Thats what two Walker County couples are doing inside a 5,600-square-foot greenhouse in Chickamauga.
Bob and Joan Jones of Chickamauga and John and Cecilia Piotter of Flintstone recently opened Happy Valley Produce on Lee and Gordon Mill Road.
Click here to see a video report about Happy Valley Produce.
The secret to the high yield is hydroponics, which is growing plants using mineral nutrient solutions, without soil.
At Happy Valley the lettuce floats in trays of nutrient-fortified water. The nutrients are fed into the water from two large tanks and monitored with a computer system.
When the plants mature to a certain size, they are separated and placed individually into long trays called gullies, where they remain until they are harvested for shipment.
Happy Valley grows three types of lettuce butter bibb, romaine and spring mix, along with two types of basil.
We have offered some teachers to bring their classes here for a field trip to give an idea of the whole process, Joan Jones said.
She hopes tours of the facility will help educate students about the nutritional benefits, along with the scientific side, of how the plants are grown in the greenhouse.
What some students may not know is that theyre already eating lettuce produced at Happy Valley. The lettuce is served at Gordon Lee High School.
The lettuce has also found its way to some Walker County restaurants such as Emmas and Scarletts Tea Room in Chickamauga and Dari Dip in LaFayette. Also Shop-Rite grocery in Chickamauga sells the lettuce.
The Joneses tend to the greenhouse and plants on a daily basis, while the Piotters work the selling and marketing side of the business.
Bob Jones and his wife, on a recent Sunday, picked lettuce at 6:30 a.m. and had them up for sale by 11 a.m. at the Walker County Crafters Fair. They sold 100 heads that day. Theres not much fresher than that, Bob said.
Lettuce from California, Mexico or other areas generally averages 10-14 days before making it to grocers shelves. Also, the lettuce grown at Happy Valley doesnt have to be transported across country, which means less of a carbon footprint.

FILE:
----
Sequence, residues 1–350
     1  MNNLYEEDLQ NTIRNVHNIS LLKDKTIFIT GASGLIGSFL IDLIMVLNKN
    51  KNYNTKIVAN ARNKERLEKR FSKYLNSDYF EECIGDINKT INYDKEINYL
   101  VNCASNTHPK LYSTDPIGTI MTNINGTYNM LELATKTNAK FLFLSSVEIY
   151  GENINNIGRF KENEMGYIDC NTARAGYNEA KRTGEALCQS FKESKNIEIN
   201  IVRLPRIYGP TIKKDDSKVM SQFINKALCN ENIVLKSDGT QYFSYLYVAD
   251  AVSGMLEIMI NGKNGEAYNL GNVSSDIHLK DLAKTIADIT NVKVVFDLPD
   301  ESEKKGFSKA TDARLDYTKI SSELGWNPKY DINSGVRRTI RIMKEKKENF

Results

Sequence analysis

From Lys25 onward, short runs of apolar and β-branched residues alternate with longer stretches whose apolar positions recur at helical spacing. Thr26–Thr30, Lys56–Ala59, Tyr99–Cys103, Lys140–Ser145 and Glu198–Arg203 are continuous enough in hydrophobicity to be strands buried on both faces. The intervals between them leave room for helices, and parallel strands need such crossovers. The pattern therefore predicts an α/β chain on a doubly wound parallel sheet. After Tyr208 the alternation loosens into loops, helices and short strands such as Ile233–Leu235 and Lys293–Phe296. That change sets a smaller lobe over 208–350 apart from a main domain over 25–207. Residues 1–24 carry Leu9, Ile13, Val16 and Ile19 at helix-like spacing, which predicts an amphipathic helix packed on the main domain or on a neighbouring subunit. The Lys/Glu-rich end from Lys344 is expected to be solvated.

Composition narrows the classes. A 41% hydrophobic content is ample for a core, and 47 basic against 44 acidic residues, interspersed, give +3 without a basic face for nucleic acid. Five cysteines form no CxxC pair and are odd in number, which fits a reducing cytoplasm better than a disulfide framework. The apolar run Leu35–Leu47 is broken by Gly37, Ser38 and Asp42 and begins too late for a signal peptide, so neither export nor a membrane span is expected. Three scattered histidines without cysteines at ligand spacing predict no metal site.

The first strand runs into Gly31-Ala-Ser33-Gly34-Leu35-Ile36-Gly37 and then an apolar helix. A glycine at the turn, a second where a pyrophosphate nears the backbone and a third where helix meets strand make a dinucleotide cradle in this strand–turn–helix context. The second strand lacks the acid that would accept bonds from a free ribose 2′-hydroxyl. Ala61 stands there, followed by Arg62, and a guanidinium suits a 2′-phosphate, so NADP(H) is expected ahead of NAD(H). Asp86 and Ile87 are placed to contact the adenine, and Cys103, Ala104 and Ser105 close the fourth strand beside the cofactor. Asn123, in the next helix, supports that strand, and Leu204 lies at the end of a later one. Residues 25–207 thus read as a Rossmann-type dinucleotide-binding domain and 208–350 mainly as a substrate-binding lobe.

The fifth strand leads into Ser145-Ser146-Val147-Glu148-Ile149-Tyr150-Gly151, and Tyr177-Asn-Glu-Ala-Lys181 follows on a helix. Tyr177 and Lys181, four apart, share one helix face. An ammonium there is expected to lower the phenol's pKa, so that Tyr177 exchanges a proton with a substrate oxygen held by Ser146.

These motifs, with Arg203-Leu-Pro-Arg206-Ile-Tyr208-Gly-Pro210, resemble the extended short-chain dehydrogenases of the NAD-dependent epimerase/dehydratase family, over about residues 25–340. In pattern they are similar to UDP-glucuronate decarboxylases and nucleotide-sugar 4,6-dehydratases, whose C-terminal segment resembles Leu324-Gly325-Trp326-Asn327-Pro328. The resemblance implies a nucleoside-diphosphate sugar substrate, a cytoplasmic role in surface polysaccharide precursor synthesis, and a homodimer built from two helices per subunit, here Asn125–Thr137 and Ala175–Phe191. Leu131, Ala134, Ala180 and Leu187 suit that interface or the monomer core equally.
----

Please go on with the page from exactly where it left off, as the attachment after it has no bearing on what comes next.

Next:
Producing pesticide-free vegetables in a controlled environment has gained interest in recent years. The hydroponic process that Happy Valley utilizes creates a more nutrient-rich product, compared to iceberg lettuce, which has nearly none.
The concept for Happy Valley Produce started with a remodeling project.
Bob Jones has been self-employed in remodeling for many years, and during a 2006 project at the Piotters house, the project grew into Happy Valley Produce.
John has studied sustainable agricultural technologies such as hydroponics for a decade. He mentioned an interest in possibly making a hydroponic system in his garage, so the two couples collaborated to form Happy Valley.
The Jones had contemplated making some spare property productive by planting berries or trees, or keeping livestock. I had always been interested in greenhouses. We liked what we saw in Europe and at the Biltmore, Bob Jones said.
Living next to the greenhouse is one of the things we enjoy most, he said.
After deciding on a concept and researching the greenhouse designs, it took only five months to complete the building process. Initially neighbors thought that a storage facility or dog kennel was being constructed, but they were relieved when the greenhouse frame took shape.
In the future we would like to continue the lettuce produce, but we also would consider going over into tomatoes, and that requires a different environment and expanding the greenhouse, Bob Jones said.